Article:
The Closing Process
What is a title?
When you purchase a home, you are really
purchasing the title to the property – which
is the right to occupy and use the space.
That title may be contested based upon past
rights and claims asserted by others. These
types of claims can infringe upon your
purchase of the property or cause you to
Why do you need title insurance?
A home is usually the largest
single investment any of us will ever make.
Title insurance protects against loss of
value from hazards and defects that may
exist in the title. These hazards include
fraud, forged signatures on deeds, unknown
property heirs, liens, and documentation
errors. If you were uninsured and your right
to title is challenged, you could lose
significant money defending yourself or you
could lose your home. Your mortgage lender
will require a loan policy of title
insurance to protect their interest in the
value of your property and a homeowner
should purchase an owner’s policy for the
very same reason.
How does title insurance protect
An owner’s policy of title
insurance requires the insurance provider to
pay for defending against any lawsuit
attacking your title as insured, and will
either clear up title problems or pay the
insured's losses. For a one-time premium
generally paid at closing, an owner's title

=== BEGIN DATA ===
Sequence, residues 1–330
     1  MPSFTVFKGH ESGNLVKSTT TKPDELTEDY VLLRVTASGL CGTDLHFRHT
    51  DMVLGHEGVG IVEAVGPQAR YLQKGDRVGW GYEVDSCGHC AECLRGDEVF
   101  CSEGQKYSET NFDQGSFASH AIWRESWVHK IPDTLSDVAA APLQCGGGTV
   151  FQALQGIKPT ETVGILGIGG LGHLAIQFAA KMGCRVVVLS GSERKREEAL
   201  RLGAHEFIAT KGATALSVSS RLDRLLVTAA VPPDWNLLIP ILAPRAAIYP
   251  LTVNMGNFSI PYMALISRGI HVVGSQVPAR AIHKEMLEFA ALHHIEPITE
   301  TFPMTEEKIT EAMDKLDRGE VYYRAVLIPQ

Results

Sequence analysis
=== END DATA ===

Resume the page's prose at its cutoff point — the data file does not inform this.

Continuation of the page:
insurance policy remains in effect as long
as you, or your heirs, retain an interest in
What is a closing?
Closing, which is also known as
"settlement" or "escrow," is the event where
the title to a property is transferred from
seller to buyer. Closing is typically held
in an office, such as that of an attorney,
title agent or title insurance company, and
involves the completion of all the necessary
paperwork to finalize the agreement between
buyer and seller. In addition, all financial
issues are settled at closing – closing
costs - and once the title is successfully
transferred, the necessary documents are
prepared, signed, and filed with local
What are closing costs?
Closing costs are all costs
required to close the real estate
transaction. They can include (but are not
limited to) surveying fees, property taxes,
title insurance, attorney fees, agent fees,
points, loan origination fees, primary
mortgage insurance (PMI), and the balance of
your down payment. Prior to closing, you
should review your final closing statement
or HUD-1 Statement (whichever is in use) to
ensure that all the calculations are correct
and that you have been given all the credit
for deposits and other agreed upon buyer and
seller credits. Also recheck all lender,
title, and escrow fees to make sure they are
Why does your lender require
title insurance during refinancing?
From the lender’s standpoint, a
refinanced mortgage is actually a brand new
mortgage – complete with the same risks that
may have been present originally. During the
refinance process, your original mortgage is
paid off – and your existing lender’s title
insurance policy is rendered null and void.
However, if you purchased an owner’s policy
of title insurance at your original closing
– that policy will remain in effect as long
as you or your heirs own the property.
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